I talked with her on the phone regularly, but the last time I saw her was in June 2015. I was in New York for a speaking engagement and to meet with my wonderful new agent, Stephany Evans, to whom Susan had introduced me. Chuck joined me in New York just for fun, in celebration of my 70th birthday. He bought tickets for us to several Broadway shows I had been eager to see. He arranged for Susan to join us for dinner one of those nights and to go with us to see "Fun Home." The three of us had a wonderful time that night -- talking, arguing, kvetching, laughing. For old times sake, I teased her about her distinctive New York accent, imitating some of its more salient features, and she did the same with my California accent. We reveled in our silliness. And we talked seriously of new realities. Susan was frail. She was legally blind and carried a white, red-tipped cane. She was close to needing a wheelchair and leaned heavily on both of us for support as we walked to the theater. But she was as fun, outspoken and exuberant as ever. Chuck and I both treasure the memory of that lovely summer evening.

Susan, Chuck and I in New York, June 2015

We reminisced about that evening and about our long history with Susan on the phone yesterday as we consoled each other. "Susan was such a bright, sophisticated, cosmopolitan lady who always told it like it was," he said. "I will miss her so much -- that deep chortle of hers, that great New York accent -- just...her. There was such caring...a special kind of love..."

We talked of our gratitude for and to Susan -- for her role in making our books possible, for giving boosts to both our careers, for her caring friendship, for her part in bringing us back together, out of heartbreak and into a loving, lifelong friendship.

Chuck sighed. "This is the end of another chapter of our lives," he said at last. "And it's a reminder to live our lives as fully and joyously as Susan did, every day we have left...."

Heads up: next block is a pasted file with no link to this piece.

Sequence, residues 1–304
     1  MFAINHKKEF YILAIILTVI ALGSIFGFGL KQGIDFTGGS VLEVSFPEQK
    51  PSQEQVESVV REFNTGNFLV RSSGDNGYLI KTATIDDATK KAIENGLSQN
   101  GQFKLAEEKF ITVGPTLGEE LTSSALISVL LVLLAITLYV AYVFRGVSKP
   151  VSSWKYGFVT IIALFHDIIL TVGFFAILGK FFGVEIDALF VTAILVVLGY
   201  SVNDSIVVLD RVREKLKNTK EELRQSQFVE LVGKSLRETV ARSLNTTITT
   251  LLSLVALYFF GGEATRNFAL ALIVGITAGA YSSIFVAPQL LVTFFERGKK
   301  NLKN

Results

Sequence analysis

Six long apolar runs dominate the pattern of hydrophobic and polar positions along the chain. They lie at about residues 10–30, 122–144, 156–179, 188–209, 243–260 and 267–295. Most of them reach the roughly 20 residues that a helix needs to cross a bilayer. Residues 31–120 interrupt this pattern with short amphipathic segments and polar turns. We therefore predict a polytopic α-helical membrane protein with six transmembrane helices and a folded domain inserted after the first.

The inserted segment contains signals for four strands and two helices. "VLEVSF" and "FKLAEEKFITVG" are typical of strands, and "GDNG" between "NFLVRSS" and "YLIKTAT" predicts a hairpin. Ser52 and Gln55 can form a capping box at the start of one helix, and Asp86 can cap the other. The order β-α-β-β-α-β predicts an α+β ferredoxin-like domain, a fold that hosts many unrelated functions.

Susan Ann Protter was so much more than a terrific agent or even a dear friend: she was a vital part of our shared history -- and of our hearts.



  1. A beautiful tribute. She truly must have been an amazing woman. I enjoyed reading about her and your history with her. I am sorry for your loss.

  2. My condolences on the loss of your great friend. It is sometimes a hard time of life.

  3. Oh Kathy -- she was right. You can write. And you do so beautifully here in this wonderful memory piece about a woman so key in your life. That you became such wonderful friends apart from your professional relationship is really a bonus treat, isn't it? I know the hole in your heart is a big one and I am grateful you shared it and hope you found it healing to write about it. Yes, farewell to a peer is very hard indeed. I am so sorry.

  4. Dear Kathy, this loving paean to Susan brought tears to my eyes. She was, indeed, a generous friend to you and Chuck. She made a difference in your lives. Touch your lives with goodness. And that, to me, is the greatest tribute we can say about someone--that their life touched ours with goodness. What a blessing she was--and is--to and from the Universe. Thank you for sharing her with us. Peace.